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For the first half of its existence, every year would see E.P. Carrillo release an annual limited edition. That started with its first cigar—Edicion Inaugural 2009—and continued until 2016 when the company overhauled its portfolio. While the company has continued to release limited editions, including exclusives for retail members of the Tobacconists’ Association of America (TAA), it more or less stopped using the Edición Limitada moniker.

That changed last year, when the company announced the INCH Edición Limitada 2019, a 6 1/8 x 64 gordo vitola incorporating a Connecticut habano cover leaf that was grown in the U.S. along with a binder and filler blend made up entirely of Nicaraguan tobaccos. The new addition debuted during the 2019 IPCPR Convention & Trades Show that took place in August 2019 in Las Vegas.

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It’s an extension to the company’s popular INCH line, which draws its name from the ring gauge of a cigar. Ring gauge is the diameter measured in 64ths of an inch, meaning a cigar with a 50 ring gauge is actually 50/64, or 25/32, of an inch. As the name implies, the 64 ring gauge INCH cigars are a full inch in diameter.

“A vision from my son and the creative side of my daughter along with a selection of aged tobaccos accumulated over the years allowed me to create this commemorative blend for our flagship line, the Inch,” said Ernesto Perez-Carrillo Jr. in a press release. “The Limitada is years of thought as to what blend gets me closer to mastering big ring gauge blending. I think both big ring gauge lovers and non-big ring gauge smokers alike will enjoy this special blend.”

There INCH Edición Limitada 2019 was limited to 2,000 boxes of 10 cigars, with each cigar priced at $15. All of the cigars were rolled at the company’s Tabacalera La Alianza factory located in Santiago, Dominican Republic and boxes began shipping to retailers in September 2019.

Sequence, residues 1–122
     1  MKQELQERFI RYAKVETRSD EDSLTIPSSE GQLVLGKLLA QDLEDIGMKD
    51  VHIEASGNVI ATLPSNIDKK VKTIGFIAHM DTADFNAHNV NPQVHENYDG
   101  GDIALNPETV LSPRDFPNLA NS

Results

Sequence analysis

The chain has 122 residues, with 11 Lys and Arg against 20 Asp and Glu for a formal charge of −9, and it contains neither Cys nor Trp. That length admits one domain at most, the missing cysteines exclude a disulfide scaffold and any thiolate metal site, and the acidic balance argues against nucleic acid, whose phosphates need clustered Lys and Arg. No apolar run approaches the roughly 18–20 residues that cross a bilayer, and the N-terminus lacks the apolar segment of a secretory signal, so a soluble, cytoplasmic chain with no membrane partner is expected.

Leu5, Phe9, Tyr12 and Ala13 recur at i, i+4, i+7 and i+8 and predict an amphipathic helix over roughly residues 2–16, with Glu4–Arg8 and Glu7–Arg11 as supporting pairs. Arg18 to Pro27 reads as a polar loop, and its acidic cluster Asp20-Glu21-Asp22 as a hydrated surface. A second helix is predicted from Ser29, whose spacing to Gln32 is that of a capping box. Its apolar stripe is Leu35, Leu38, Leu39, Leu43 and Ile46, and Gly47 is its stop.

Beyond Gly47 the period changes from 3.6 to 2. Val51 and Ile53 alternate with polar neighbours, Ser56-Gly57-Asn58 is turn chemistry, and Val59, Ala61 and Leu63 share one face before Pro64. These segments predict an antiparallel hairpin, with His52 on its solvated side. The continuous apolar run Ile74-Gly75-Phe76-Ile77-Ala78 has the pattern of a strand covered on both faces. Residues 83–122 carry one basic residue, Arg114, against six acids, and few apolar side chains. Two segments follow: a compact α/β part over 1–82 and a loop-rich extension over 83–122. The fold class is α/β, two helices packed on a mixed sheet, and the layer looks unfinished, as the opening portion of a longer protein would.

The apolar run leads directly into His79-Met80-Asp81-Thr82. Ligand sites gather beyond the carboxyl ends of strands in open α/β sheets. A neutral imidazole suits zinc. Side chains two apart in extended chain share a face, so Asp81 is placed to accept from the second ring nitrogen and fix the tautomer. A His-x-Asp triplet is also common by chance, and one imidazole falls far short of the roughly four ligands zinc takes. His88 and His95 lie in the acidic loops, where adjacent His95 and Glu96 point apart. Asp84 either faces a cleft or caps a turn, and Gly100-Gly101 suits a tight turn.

• Cigar Reviewed: E.P. Carrillo INCH Edición Limitada 2019
  • Country of Origin: Dominican Republic
  • Factory: Tabacalera La Alianza S.A.
  • Wrapper: U.S.A. (Connecticut Habano)
  • Binder: Nicaragua
  • Filler: Nicaragua
  • Length: 6 1/8 Inches
  • Ring Gauge: 64
  • Vitola: Gordo
  • MSRP: $15 (Box of 10, $150)
  • Release Date: September 2019
  • Number of Cigars Released: 2,000 Boxes of 10 (20,000 Total Cigars)
  • Number of Cigars Smoked For Review: 3

The first thing I notice about the E.P. Carrillo INCH Edición Limitada 2019 is predictable: it is physically huge. The size only serves to accentuate the dark, mottled brown espresso wrapper that is sandpaper rough to the touch. In addition, there are multiple major veins running up and down the length of the cigar and there is too much oil it almost looks like it was dunked in a bowl of it before being packaged. Aroma from the wrapper is a combination of strong dark chocolate, oak, dark fruit, hay, leather and barnyard, while the cold draw brings flavors of leather, mesquite, hay, vegetal, bitter espresso beans and malted milk balls sweetness.